Sex workers' vital fight for financial inclusion

Sex workers’ vital fight for financial inclusion

  • Published on
    April 16, 2024
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Becky Webster, a former NHS worker turned full-time sex worker in the U.K., faced another financial barrier when Barclays Bank froze her account, leaving her unable to access her son’s state benefit payment for over a week. This incident marked the 15th time she had been denied a bank account or had one shut down due to her occupation in the sex industry, reports the Financial Times. In response, Webster launched a petition urging MPs to ensure that individuals working in the sex industry have access to banking services, garnering over 11,000 signatures.

“I’ve applied for a bank account, a business bank account and as soon as I get to ‘what’s your occupation’ and I put the sex industry, it just won’t let me carry on,” said Webster, adding: “So you want me to pay taxes but you want to take bank accounts off me?”

Webster’s experience sheds light on a broader issue of financial exclusion faced by sex workers, where many are unfairly denied basic financial services. The problem extends beyond Webster’s case, affecting thousands of individuals.

Sex work and financial discrimination

Despite the legality of selling and purchasing sexual services between consenting adults in England and Wales, sex workers encounter significant challenges in accessing financial services. According to the English Collective for Prostitutes, an estimated 72,800 individuals engage in selling sexual services in the U.K., with the majority being women. However, research by the Sex Workers Union and Decrim Now revealed that over 80% of sex workers face some form of financial discrimination, thereby exacerbating their vulnerability.

Jessica Van Meir, the co-founder of MintStars, and researcher of sex workers’ rights at Harvard University states,

“It is life-threatening to sex workers to lose their bank accounts. When someone cannot have a bank account to hold their money independently, they are more likely to rely on a third party to hold their money for them, such as a partner who could potentially then abuse or exploit them.”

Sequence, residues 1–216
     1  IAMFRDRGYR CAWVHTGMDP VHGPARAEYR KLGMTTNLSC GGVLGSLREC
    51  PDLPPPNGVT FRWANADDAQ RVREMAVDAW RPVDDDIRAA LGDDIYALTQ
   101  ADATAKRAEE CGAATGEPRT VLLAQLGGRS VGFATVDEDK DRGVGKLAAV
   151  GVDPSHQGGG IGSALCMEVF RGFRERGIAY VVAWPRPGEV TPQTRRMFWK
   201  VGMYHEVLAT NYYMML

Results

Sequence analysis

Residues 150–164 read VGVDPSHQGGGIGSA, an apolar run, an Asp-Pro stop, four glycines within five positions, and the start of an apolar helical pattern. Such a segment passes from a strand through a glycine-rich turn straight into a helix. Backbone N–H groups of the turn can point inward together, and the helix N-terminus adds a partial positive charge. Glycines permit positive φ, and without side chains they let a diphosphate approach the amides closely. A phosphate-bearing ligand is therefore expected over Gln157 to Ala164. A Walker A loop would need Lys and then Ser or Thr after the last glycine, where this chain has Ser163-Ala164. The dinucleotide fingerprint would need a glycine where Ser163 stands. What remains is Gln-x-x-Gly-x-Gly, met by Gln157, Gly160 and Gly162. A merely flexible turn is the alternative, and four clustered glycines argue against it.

This discrimination is particularly egregious considering that sex workers are required to pay income tax on their earnings. Yet, they often encounter obstacles in accessing banking services even when they are registered as sole traders and fulfill their tax obligations. Banks justify their actions by, citing concerns about monitoring and preventing financial crime, including sex trafficking. However, activists argue that denying sex workers access to banking services increases their vulnerability to exploitation and theft, pushing them towards less secure alternatives.

“We need financial authorities to stop conflating sex and sex work with criminality, and reinforcing the isolation and marginalization already facing sex workers,” said Audrey Caradonna, a Decrim Now representative.

The solution: full decriminalization of sex work

To truly address the issue of financial exclusion faced by sex workers, it is imperative to challenge the stigma and legal barriers surrounding sex work. Full decriminalization of sex work is the most effective approach to building resilience against trafficking for sexual exploitation. By removing punitive laws and stigma, sex workers can access essential services without fear of discrimination or persecution.

Moreover, decriminalization would enable sex workers to engage with financial institutions without facing arbitrary account closures or freezes based on their occupation that leave them vulnerable to exploitation.

Ensuring equal access to financial services is not only a matter of economic justice but also a crucial step towards safeguarding the rights and well-being of sex workers. There is a concerning degree of exploitation and discrimination in the sex industry. We firmly believe that the full decriminalization of sex work is the best way to create systemic change and place strong protections for sex workers that prevent trafficking and exploitation. Learn more about our work supporting the full decriminalization of sex work to prevent trafficking.


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1 month ago

It is a Shame that we have to live knowing how are people are being discriminetad!

1 month ago

i totally agree. thank you for your unvaluable work!

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